And up some more. And freaking steep. Then we get onto the Overlord glacier, the cliff there must be about 50m high at least. At which point I ask the guide for a 2m break to take a quick picture …

… to which he kills our souls by answering “no break, we don’t have time, we need to push on”. We left 2h ago. Then we get on top, and we realize we’re not on top at all. We need to get up that thing

The guide asks us how our rock climbing is. We tell him it sucks. He says we can take a detour that will add 200m vertical to our day. We go with the rock climbing.

Nate goes in front. No breaks, another hour goes by. Everyone is head down. This one is hard. The guide is 100m, then 200m in front of us. Once at the bottom of the rocks, we take a break while Nate sets some belay line. View’s not bad. It’s on the cold side.

We finally get food and water in, we chat and decide to ask Nate about options. Takes him a long time to setup the line, at some point we wonder if he didn’t bail on us, or if he’s just waiting for us to climb the rocks.

Then we go one by one.

Once on top we can see the huge cornices over the up we just did.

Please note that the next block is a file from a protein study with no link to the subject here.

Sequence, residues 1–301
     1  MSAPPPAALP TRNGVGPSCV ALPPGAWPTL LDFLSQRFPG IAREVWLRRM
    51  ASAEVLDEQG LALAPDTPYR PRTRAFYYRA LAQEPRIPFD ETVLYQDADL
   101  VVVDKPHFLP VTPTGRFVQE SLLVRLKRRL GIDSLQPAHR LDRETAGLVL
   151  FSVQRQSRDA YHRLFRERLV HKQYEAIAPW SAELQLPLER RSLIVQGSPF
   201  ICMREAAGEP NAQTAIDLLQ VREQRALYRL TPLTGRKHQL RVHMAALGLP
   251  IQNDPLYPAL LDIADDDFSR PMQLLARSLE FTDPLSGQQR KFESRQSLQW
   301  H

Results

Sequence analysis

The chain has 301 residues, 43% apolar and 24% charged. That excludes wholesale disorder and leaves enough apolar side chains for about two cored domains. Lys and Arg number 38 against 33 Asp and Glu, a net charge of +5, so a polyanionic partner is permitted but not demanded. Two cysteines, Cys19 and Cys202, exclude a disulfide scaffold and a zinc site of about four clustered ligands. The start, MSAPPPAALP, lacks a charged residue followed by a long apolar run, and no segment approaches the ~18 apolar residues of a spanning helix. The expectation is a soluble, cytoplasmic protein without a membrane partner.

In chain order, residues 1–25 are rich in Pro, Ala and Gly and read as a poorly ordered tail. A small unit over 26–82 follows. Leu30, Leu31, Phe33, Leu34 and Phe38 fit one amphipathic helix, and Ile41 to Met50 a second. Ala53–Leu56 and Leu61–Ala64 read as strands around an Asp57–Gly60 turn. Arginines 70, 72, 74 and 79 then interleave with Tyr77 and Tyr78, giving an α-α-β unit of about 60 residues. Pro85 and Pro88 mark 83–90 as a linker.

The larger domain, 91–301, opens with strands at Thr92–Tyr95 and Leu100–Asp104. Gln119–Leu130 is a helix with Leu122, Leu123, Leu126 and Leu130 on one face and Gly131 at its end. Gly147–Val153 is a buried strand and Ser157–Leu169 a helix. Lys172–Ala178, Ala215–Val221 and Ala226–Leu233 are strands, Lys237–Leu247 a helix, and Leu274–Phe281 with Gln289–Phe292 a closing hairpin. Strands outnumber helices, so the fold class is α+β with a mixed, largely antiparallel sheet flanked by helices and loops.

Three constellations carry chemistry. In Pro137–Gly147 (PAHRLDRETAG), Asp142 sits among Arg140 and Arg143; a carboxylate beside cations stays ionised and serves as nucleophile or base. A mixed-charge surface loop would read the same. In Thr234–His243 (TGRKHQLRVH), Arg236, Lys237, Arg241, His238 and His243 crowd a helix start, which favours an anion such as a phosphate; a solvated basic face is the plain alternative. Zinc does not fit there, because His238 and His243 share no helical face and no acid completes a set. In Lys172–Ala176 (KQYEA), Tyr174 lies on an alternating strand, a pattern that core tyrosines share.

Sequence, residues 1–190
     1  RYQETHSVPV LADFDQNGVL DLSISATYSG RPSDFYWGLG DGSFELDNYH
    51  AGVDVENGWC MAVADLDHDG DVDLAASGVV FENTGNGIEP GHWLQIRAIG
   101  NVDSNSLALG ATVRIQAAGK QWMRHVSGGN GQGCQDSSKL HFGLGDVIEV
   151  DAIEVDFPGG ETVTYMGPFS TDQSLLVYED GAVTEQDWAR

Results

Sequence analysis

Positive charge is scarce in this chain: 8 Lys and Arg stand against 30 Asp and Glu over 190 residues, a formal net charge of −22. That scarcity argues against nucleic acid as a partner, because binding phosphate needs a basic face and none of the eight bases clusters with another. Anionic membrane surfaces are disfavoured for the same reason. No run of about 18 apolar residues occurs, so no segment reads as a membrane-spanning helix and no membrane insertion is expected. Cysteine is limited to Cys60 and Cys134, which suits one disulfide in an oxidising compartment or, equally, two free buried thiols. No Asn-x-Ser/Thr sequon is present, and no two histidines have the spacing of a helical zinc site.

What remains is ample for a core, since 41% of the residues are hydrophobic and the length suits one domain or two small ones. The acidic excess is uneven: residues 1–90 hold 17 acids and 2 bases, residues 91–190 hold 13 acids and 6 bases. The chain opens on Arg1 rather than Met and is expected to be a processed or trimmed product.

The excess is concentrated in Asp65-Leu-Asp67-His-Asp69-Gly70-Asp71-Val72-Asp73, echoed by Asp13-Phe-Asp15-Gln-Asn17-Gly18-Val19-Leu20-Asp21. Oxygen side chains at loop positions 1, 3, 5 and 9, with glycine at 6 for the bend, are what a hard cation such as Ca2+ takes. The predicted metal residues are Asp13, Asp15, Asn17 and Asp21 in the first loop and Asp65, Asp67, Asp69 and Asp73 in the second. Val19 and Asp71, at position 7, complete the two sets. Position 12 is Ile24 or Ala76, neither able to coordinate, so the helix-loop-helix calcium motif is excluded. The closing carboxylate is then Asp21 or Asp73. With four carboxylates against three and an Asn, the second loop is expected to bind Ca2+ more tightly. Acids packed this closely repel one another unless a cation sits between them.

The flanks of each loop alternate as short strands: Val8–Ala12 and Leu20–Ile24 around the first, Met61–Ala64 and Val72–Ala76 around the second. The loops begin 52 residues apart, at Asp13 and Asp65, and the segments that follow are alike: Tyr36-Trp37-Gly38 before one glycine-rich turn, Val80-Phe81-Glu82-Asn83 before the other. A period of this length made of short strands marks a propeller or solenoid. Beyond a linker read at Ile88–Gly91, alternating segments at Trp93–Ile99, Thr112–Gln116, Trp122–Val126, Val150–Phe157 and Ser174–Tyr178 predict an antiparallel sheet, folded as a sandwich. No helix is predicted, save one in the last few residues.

We enjoy the view from the top of Overlord, and can actually make up where we started

We discuss our options. We’re not in a state to finish the trip we initially planned, that last up was daunting, we’re only 2/5 of the way for the day, and it’s only going to be running after the guide. We decide to cut short. Makes me happy!

The good news is that after about 2000m of just going up, we are finally going down. Stripping the skins off the skis for the first time since we left.

The snow is surreal. Deep, light, fantastic!

Makes you forget you’re on a glacier full of crevices.

After having some fun it’s back to the real life. We’re going up a cornice

Then back up. Knowing that the day will be slightly shorter, slightly slower, and less risky, makes it fun again. The sun’s there. Landscape is fantastic.

Across Russett lake.

That hole in the snow to the right is where I planted my face 6h earlier

Going up, one last look onto the Fissile, that we just circled.

Back down then up again on Oboe. Our tracks down are right next to Phil’s head

Oboe will be our last up for the day, we clocked in more than 1200m today, and no-one regrets cutting it short - it was a great day.

Another look at our day, we went up around Fissible on the blue arrow, the rock climb on Overlord is on the red arrow.

Our camp on top of Oboe. Social distances means 3 tents.

The scenery we have for diner could be worse

Day 3

From Oboe it’s a short down and then skins back on and up on Flute.

We can make up our camp in the middle of the picture, with Fissile and Overlord right behind

And up.

At the top of Flute we enter the ski area. The resort is closed and deserted, not an usual sight

Stripping the skins off one last time

And down the runs to the resort. All that up on the first day to get down on groomers at the end!

Just for fun…

This was my pack, about 20kg

And everything that went in.